At some point, your teacher is going to give you an essay assignment in school. An essay can have different goals depending on the assignment. You might have to describe or explain something in your essay. Your essay might need to persuade others about an opinion or make an argument to support a point of view. An essay could also have to analyze or even tell a story. Regardless of the theme of your essay, there’s a specific process that will help you organize and write the paper. Writing an essay might seem like a big assignment, but if you break down the steps, you’ll be able to manage it.
Choosing Your Topic
The first step in writing an essay is to choose the topic. The topic depends on the assignment you receive and the goal of the essay. Your topic should be something that you know a little about or that you feel that you want to learn about. For example, you might not know a lot about hamsters, but you can learn about these animals by reading books or visiting websites with information about them.
- How to Compose Strong Essay Topics
- Finding Great Essay Topics
- Writing an Essay (PDF)
- Before You Start Writing That Paper
- The Brainstorming Process
Preparing an Outline
An outline helps you organize your essay. Before you start writing, you need to make a plan so you know exactly what information you want to include. The outline should include your topic at the top. Then, make a list of every section and every point you want to include in the essay. Your outline should include the introduction paragraph at the beginning and the conclusion paragraph at the end. The middle section, called the body, is where you will cover each point you include in your outline.
- Writing Essays (PDF)
- Developing an Outline
- Creating an Outline for an Essay
- Outlining: Writing a Paper
- Prewriting and Outlining
Introduction and Thesis Statement
The introduction paragraph gives a short summary of the main ideas of your essay. Tell a little about your topic in the introduction, possibly mentioning something interesting that will make people want to keep reading. At the end of the introduction, make a thesis statement. The thesis statement of an essay tells your readers exactly what question you are answering or point you will be covering with your essay.
- Tips on Writing a Thesis Statement
- What Is a Thesis?
- What Is a Thesis Statement?
- Introduction Paragraphs
- The Five-Paragraph Essay
The body of your essay is where you give more information about the points you presented in your introduction. Cover each point you included in your outline, discussing each one as it relates to your thesis statement. For example, if you are writing a persuasive essay on why hamsters make good pets, each paragraph of the body of your essay might cover a different point about hamsters as pets. One paragraph might be about how hamsters are entertaining to watch in a cage, the second paragraph might talk about how hamsters are inexpensive to own, and the third paragraph might discuss how you can hold a hamster and play with it in a maze.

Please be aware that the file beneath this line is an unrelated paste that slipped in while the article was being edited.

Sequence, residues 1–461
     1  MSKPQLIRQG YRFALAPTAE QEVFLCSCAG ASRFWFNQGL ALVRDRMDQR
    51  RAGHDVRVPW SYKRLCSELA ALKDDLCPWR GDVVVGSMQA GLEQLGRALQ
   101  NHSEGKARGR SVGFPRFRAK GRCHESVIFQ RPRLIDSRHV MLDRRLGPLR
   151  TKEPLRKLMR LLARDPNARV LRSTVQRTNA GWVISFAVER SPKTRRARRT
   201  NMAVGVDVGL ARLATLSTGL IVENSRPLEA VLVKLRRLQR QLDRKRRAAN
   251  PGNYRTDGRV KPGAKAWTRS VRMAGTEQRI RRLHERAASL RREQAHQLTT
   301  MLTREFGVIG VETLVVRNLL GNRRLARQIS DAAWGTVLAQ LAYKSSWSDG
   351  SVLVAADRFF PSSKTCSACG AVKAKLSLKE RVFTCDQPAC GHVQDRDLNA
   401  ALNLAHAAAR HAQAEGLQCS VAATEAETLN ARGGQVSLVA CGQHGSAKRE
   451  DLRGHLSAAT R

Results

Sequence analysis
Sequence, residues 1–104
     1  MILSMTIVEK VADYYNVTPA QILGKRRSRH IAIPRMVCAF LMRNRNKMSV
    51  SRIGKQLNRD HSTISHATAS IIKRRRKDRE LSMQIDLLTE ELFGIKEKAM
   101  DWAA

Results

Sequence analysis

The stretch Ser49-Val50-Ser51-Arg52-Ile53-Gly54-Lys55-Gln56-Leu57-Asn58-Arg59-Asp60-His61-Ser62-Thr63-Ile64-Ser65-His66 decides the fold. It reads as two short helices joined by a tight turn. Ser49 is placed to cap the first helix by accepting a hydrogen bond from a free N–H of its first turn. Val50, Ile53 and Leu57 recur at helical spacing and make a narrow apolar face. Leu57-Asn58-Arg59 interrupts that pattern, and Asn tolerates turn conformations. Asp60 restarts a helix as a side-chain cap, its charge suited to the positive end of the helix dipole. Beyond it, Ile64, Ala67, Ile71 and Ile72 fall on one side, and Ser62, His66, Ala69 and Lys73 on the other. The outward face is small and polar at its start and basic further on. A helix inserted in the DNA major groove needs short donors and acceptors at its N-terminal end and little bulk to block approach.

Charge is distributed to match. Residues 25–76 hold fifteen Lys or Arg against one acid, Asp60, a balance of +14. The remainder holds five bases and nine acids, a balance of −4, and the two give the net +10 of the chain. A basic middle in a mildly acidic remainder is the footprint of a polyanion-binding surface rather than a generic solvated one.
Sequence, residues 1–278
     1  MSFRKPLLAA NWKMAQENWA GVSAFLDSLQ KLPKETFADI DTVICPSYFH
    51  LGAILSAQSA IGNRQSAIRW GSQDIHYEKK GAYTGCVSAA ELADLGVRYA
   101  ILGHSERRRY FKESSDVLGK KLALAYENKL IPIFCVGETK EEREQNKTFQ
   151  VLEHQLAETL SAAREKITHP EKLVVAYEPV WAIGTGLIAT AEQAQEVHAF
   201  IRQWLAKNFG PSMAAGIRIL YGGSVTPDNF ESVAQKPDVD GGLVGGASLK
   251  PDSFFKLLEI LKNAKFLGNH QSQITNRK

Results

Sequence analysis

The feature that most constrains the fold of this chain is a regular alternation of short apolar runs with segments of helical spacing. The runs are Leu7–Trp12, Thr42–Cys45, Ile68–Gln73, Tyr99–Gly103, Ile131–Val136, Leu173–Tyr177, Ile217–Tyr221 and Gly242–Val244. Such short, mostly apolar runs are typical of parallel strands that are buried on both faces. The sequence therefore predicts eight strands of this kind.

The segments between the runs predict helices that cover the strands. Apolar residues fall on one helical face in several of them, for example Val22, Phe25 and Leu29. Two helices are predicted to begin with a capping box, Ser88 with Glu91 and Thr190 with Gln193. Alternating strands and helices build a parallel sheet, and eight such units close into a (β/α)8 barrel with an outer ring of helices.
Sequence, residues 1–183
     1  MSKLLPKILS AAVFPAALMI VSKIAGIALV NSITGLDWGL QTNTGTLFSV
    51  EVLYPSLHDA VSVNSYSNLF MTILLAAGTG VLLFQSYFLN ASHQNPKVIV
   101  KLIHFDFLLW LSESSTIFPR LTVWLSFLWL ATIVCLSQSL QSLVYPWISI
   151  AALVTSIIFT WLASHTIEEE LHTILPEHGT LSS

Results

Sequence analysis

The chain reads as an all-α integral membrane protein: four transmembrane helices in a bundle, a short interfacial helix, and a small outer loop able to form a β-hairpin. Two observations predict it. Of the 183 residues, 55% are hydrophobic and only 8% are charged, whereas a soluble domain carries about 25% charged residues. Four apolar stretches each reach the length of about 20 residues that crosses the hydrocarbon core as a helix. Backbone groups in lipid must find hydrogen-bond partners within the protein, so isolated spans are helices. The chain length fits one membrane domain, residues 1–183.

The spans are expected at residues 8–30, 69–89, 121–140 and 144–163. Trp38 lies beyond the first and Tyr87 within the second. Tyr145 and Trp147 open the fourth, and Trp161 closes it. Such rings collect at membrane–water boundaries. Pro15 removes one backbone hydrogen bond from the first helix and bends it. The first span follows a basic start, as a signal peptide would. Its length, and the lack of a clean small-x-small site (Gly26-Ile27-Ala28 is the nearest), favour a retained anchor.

- Body Paragraphs
- Strong Body Paragraphs (PDF)
- Writing the Body Paragraphs and the Conclusion (PDF)
- Basic Essay Structure
- The Body of Your Paper
The conclusion of the essay is where you summarize the information you presented. While it’s important to bring these thoughts together in a few sentences, do not repeat your previous sentences exactly. Include three or four sentences in the conclusion, with the last sentence being a final thought that zeroes in on your thesis statement. For example, a final sentence for an essay about the benefits of a pet hamster might tell readers that they might be surprised how tame and trainable a hamster can be if an owner spends time with it every day.
- Ending the Essay: Conclusions
- Introductions and Conclusions
- Writing Effective Conclusions
- Types of Conclusions (PDF)
- Writing Conclusions
Grammar, Punctuation, and Proofreading
The first version of an essay is usually called a rough draft. This version of your essay is the one you will read and reread to make sure it says what you want it to say. Your rough draft of your essay won’t be the final copy because you will probably make some changes as you continue to work on it to make it better. You will also need to proofread your rough draft to make sure that you haven’t made spelling, grammar, and punctuation mistakes. When you find errors, fix them in the rough draft. After you finish making all the revisions to your rough draft, you will be ready to make a final copy of your essay, which will be the one you turn in to your teacher.
- Capitalization and Punctuation Rules (PDF)
- Semicolon and Colon Rules (PDF)
- Grammar Practice Book (PDF)
- Five Ways to Exercise Essay-Writing for Elementary Students
- Common Mistakes